A story about dissapointments
Hello, I’m David. I like finding things out.
I write a Science blog called Scientia Potentia Est.
In this page you will find:
D. Paredes-Barato and C. S. Adams, "All-Optical Quantum Information Processing Using Rydberg Gates", Phys. Rev. Lett. 112, 040501 (2014)
D. Maxwell, D. J. Szwer, D. Paredes-Barato, H. Busche, J. D. Pritchard, A. Gauguet, K. J. Weatherill, M. P. A. Jones, and C. S. Adams, "Storage and Control of Optical Photons Using Rydberg Polaritons", Phys. Rev. Lett. 110, 103001 (2013) (with an acompanying Viewpoint)
You will find most of my other publications in my Scholar profile.
I have become interested in many research topics:
- Quantum optics using cold atoms
- Dipole-dipole interactions
- Photon hopping
- Quantum information processing
- Feasibility of technological applications of quantum optics
Along with my interest in basic research, I believe that the discoveries made should get out of the laboratories and offices. Therefore, I am interested in teaching and other ways of communicating Science to both specialized and layman audiences.
At the age of 11 or 12, during a hot summer, I started throwing stones into the air and timing them as they hit the ground to try and find out if I could somehow describe their motion. Obviously, I failed: I did not understand the importance of repeatability in experiments.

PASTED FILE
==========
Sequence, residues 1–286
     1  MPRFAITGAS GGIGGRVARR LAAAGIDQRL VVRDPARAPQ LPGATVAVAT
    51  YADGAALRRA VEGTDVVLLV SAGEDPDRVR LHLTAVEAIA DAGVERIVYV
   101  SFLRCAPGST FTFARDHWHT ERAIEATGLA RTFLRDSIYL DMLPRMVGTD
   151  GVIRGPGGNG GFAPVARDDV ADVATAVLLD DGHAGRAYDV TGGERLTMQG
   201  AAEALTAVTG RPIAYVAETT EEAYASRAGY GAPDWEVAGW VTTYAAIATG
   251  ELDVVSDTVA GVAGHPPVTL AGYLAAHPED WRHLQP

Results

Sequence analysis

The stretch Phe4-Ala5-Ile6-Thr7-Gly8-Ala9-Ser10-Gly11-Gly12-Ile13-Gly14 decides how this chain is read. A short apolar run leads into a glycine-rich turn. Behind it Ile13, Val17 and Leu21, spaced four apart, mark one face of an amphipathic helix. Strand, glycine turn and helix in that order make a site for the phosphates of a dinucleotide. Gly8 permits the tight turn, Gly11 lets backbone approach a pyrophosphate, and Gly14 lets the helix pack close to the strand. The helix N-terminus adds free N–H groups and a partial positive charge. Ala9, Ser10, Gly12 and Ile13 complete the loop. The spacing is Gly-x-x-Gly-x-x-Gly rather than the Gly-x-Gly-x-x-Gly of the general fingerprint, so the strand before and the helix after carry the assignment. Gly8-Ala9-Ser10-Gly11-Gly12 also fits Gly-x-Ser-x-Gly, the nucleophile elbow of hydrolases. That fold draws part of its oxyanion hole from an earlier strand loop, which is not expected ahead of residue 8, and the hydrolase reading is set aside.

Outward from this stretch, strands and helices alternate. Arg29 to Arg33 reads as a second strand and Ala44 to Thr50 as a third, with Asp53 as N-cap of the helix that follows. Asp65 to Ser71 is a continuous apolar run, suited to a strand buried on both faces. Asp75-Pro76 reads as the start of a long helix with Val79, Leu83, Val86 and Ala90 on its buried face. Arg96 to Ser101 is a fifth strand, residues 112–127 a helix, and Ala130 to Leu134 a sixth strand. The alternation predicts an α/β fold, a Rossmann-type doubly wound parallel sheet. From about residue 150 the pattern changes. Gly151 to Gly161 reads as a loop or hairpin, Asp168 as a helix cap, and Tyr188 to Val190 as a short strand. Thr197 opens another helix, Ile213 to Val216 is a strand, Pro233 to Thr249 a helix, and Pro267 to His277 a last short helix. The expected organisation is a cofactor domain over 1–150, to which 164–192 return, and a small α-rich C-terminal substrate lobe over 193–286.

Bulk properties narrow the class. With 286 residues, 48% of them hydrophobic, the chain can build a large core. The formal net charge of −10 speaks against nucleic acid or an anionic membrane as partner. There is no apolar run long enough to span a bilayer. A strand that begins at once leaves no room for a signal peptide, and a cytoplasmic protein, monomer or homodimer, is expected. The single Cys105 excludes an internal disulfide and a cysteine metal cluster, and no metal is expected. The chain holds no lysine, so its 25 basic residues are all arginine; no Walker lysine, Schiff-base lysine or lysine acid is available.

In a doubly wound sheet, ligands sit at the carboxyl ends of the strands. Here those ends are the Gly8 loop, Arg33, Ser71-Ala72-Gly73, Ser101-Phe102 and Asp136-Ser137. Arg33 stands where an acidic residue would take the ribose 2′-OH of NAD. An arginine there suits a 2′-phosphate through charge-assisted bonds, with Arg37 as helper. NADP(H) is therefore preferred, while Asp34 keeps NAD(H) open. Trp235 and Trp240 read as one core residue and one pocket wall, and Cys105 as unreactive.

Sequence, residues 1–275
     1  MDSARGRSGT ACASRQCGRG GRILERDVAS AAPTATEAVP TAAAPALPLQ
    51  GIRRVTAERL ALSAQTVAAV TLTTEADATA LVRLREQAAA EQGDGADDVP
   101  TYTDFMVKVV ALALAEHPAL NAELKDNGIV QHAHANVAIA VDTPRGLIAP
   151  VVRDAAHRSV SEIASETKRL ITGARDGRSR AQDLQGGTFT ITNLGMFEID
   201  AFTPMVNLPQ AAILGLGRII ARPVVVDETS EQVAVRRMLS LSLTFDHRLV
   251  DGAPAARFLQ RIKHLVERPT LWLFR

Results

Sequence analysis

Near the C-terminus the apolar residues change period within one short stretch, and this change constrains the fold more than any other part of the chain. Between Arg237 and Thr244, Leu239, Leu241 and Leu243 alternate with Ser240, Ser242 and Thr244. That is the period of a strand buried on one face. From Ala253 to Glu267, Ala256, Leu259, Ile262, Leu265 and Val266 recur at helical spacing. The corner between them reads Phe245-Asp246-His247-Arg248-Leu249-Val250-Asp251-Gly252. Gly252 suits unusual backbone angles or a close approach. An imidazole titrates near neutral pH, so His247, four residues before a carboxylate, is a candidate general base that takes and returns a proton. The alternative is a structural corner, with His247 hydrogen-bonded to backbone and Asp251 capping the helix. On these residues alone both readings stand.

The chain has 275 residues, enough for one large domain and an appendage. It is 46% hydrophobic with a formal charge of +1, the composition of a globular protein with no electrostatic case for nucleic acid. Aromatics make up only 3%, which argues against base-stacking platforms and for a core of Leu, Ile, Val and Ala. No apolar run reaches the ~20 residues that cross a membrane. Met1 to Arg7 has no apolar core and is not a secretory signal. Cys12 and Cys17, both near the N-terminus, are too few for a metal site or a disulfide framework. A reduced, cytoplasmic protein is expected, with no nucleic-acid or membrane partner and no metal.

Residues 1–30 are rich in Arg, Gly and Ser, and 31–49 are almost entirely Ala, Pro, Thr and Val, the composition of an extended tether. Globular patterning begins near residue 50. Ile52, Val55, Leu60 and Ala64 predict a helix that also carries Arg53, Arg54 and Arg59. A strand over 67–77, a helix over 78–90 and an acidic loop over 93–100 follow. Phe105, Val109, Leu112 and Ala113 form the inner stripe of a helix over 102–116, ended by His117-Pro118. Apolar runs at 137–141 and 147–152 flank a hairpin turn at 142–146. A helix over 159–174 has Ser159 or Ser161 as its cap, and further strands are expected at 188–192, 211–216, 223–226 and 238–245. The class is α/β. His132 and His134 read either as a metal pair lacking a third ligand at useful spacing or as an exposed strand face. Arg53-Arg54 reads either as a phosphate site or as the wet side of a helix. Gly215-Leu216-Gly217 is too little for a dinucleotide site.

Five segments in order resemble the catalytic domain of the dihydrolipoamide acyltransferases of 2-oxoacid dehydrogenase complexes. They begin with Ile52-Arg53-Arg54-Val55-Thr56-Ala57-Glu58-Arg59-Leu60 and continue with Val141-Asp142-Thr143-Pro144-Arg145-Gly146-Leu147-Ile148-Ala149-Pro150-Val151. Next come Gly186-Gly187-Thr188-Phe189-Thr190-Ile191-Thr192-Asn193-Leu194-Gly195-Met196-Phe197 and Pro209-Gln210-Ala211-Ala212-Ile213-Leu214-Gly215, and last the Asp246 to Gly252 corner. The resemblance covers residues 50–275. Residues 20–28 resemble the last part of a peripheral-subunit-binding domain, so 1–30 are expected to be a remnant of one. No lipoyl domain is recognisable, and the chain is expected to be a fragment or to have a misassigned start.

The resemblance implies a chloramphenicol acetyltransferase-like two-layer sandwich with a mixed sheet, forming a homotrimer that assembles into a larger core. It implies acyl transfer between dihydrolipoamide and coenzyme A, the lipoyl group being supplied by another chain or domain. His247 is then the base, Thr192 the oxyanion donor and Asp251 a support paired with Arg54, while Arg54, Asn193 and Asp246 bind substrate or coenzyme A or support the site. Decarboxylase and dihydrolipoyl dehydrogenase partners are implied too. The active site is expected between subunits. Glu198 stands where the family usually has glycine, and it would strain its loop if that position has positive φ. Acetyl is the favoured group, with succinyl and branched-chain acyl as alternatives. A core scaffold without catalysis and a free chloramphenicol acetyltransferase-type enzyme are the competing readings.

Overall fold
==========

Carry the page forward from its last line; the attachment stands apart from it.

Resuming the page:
…thus I decided that I would become a Physicist.
Later, when I was studying Theoretical Physics in the Universidad Complutense de Madrid (Spain), I really loved Differential Geometry and Relativity, but had to take some modules on Quantum Physics, and Atomic and Molecular Physics… and failed them (once): I did not understand the non-intuitive ways in which matter and light interact at the fundamental level! That’s why I decided to do research on Quantum and Atomic Optics.
And after spending a summer at the Institute of Photonic Sciences (ICFO) in Barcelona working in Morgan Mitchell’s group, I landed in Durham. There, under the supervision of Charles Adams we studied the (highly) nonlinear properties of cold Rydberg gases and their interactions with light. Most of my work in Durham consisted in a proposal of a novel way to make photons interact in a way that is useful for quantum processing technologies.
Since there are a lot of things that I do not understand, I decided to go back to Barcelona and join Hugues de Riedmatten’s group to continue researching the strong photon-photon interactions induced by their propagation and storage in a cloud of cold Rydberg atoms, and their applications to quantum information, processing and communication technologies.